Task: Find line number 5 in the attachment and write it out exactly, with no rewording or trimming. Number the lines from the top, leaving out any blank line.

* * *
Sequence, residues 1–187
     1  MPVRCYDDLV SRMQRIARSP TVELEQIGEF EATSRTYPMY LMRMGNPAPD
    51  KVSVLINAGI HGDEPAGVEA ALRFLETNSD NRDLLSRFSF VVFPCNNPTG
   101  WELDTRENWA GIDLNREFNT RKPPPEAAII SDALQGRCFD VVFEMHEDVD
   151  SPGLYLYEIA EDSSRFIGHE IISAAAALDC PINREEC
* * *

   151  SPGLYLYEIA EDSSRFIGHE IISAAAALDC PINREEC